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Diversity, inclusion and equity & the future of AI

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Picture an artificial intelligence (AI) algorithm screening resumes for a job interview. In looking for candidates who might be a good fit, it made certain assumptions.

One such premise: employees who earn the most money or get frequently promoted are better hires. Will such an assumption hold under close scrutiny? No. In the real world, we know the wage gap is real, and that businesses have a lot of work to do in keeping diversity and inclusion in mind for promotions.

When AI is based on biased assumptions, it makes biased recommendations.

The growing clamor for diversity and inclusion in every aspect of business means we cannot afford to overlook DEI processes when designing AI systems. The case for diversity and inclusion in AI is becoming ever more urgent as the technology is being pressed into service across a range of industries — from human resources to healthcare.

The many ethical challenges of AI

The expansion of AI is bringing a whole host of ethical questions in its wake.

  • How do we account for bias?

AI is not a sentient being. It is a human-made product, built on data, meant to make human tasks easier. Unfortunately, humans are often biased. As a result the data sets they feed into AI systems might also be biased. AI works on the garbage-in, garbage-out theory: Feed biased data into the algorithm, it will spit out biased decisions.

  • How do we take privacy concerns into account?

AI data sets need to be based on consent. Can Jane Doe give consent if she does not know what she is consenting to? Does the company using the AI understand every potential use case of the software it is developing?

  • How do we account for cultural differences?

A case of workers in India tagging images of same-sex couples as indecent, illustrates that cultural values differ around the globe. Similarly, an AI bot in a woman’s voice acting as a personal assistant reinforces existing gender biases and stereotypes. English might be a gender-neutral language but not all are, so these factors need consideration.

  • How do we make AI more transparent?

Diversity and inclusion means anyone should be able to challenge an AI’s decision. Such a process requires transparency in the decision-making process. You cannot understand decisions systems arrive at without seeing the entire algorithm in place. Consumers need to see which of their data was used to arrive at the decision that the AI system did. The other problem here is we have been conditioned to accept decisions made by machines as gospel so questioning the process becomes that much more difficult.

How do we build ethical AI?

Notwithstanding the many questions surrounding AI, there’s a strong business case for ethical AI. Not only is ethical or responsible AI the right path to invest in, there is movement toward mandating use of these AI systems in specific ways.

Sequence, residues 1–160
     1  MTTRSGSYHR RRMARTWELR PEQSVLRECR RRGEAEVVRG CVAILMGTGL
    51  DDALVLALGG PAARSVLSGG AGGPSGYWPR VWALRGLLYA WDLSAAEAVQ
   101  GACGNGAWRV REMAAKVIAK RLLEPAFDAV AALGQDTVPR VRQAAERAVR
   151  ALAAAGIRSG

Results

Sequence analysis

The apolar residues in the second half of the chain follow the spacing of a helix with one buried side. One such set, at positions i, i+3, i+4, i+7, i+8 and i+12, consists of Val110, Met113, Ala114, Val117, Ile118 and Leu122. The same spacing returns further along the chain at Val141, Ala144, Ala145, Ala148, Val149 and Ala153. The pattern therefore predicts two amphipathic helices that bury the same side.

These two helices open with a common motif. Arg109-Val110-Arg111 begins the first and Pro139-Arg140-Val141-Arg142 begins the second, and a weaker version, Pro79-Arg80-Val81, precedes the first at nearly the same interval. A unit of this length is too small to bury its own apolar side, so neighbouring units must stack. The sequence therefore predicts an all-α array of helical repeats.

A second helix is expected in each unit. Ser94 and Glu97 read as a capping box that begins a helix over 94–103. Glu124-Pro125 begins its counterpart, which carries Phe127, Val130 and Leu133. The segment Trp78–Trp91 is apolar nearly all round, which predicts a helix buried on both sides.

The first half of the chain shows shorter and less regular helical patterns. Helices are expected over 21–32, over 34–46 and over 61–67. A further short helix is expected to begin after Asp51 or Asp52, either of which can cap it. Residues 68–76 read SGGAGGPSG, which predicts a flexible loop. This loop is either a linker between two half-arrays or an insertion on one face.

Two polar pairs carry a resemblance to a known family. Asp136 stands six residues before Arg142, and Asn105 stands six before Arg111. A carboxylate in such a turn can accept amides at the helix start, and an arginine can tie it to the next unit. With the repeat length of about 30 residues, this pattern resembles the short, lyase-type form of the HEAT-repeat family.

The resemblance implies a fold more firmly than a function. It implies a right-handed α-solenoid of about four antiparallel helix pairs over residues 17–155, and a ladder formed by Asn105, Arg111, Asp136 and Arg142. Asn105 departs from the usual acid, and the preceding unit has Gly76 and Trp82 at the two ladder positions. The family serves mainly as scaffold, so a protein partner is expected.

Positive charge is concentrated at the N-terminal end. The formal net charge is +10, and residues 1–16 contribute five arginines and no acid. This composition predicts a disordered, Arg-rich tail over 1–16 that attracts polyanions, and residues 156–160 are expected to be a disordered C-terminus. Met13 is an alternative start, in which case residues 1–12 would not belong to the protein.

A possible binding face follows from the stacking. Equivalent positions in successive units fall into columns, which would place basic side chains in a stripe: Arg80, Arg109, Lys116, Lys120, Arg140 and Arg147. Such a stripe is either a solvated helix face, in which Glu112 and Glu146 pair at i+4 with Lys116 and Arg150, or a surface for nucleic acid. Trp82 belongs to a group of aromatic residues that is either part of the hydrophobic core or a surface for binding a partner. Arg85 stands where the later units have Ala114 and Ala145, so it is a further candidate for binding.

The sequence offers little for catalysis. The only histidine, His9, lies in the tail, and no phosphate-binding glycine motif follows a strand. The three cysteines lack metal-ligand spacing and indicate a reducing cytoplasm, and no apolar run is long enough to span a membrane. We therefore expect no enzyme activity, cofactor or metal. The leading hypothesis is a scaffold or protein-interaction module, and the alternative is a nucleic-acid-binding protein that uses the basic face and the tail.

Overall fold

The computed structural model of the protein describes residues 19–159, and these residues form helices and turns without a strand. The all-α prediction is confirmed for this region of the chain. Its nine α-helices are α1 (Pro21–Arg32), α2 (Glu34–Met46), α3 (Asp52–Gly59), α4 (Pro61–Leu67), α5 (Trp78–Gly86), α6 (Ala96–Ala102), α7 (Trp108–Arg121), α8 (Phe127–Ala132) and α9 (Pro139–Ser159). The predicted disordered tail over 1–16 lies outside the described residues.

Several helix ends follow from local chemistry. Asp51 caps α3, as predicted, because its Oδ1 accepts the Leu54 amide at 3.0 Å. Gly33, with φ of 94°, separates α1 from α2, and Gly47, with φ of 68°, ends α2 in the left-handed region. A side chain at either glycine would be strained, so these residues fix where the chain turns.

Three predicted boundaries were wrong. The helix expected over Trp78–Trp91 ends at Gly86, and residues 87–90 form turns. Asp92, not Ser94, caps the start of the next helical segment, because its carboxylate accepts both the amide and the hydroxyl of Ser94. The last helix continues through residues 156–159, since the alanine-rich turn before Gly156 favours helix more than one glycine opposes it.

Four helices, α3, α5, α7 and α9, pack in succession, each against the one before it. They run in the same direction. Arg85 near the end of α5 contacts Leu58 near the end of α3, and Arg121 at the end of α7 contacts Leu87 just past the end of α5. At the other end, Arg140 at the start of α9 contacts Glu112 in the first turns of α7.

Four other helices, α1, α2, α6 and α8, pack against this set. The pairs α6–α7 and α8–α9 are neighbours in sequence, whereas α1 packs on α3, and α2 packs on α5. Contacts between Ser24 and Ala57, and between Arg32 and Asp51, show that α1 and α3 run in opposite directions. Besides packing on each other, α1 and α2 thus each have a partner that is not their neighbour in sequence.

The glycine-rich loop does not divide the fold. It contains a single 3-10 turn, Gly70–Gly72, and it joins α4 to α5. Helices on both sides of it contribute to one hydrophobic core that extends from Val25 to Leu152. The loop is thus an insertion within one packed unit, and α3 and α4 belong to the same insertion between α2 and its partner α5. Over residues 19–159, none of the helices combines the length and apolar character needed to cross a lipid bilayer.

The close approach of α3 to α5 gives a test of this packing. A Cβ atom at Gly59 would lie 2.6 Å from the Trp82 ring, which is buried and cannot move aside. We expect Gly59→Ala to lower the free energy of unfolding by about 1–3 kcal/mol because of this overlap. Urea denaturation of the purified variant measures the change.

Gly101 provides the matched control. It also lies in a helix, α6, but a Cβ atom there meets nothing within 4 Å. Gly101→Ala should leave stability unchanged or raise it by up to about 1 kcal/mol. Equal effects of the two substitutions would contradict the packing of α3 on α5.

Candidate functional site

For example, the European Union is working toward legislation that will regulate all AI, with especially stringent oversight in “high risk” applications. Developing an AI model around an ethical framework will save a lot of headaches later, especially if datasets of questionable integrity end up being used in opaque ways.

So, how do we go about developing an ethical framework and ensuring that all AI is responsible? Here a few basic guidelines worth considering:

  • Check for bias in datasets

Question the integrity of the data source. Does the data polling reflect the larger population as a whole? Have you viewed the data through the lens of diversity and inclusion? This will mean leveling the playing field for datasets used in complex use cases like credit grants and hiring processes.

  • Test drive before executing and make it auditable

Does the AI model produce the kinds of results it should? Is it mirroring stereotypes and biases? Test the AI models on a smaller scale before it hits prime time. Whether through documentation or otherwise, ensure that AI models leave an auditable data trail.

  • Distribute responsibility equally

Many stakeholders have a vested interest in AI: developers and companies, governments, and consumers. The burden of responsibility needs to be shared by all. All sets need to ask the right questions.

  • Develop measurable metrics

How will we know when AI works keeping diversity and inclusion principles in mind? Measure the final outcomes. Does a bank now give out loans to minority segments in equal proportion? Does it receive enough applications in the first place? Are you hiring keeping diversity and inclusion in mind? If companies answer no to valuable metrics, it might be a signal that the AI model is based on shaky datasets.

  • Make diversity and inclusion part of design and coding

Invite different backgrounds and perspectives into the design and coding of the AI algorithms. Diversity and inclusion need to be part of the process from the start, not a patched-up afterthought. Diversity is important to sniff out the bad data sets or when design is not being ensured for equity. Of course, ensuring that diversity and inclusion gets baked in, is about more than just inviting everyone to the party. You also have to invite them to dance. From the C-suite on, we need to make everyone heard and valued.

Finally, rinse and repeat. Diversity and inclusion in ethical AI is not a one-and-done approach. We have to constantly evaluate where we are against our goalposts. Recalibrate if we need to.

AI is transformational technology that can change the world. We need to make sure that it is developed ethically so it changes the world for the better.

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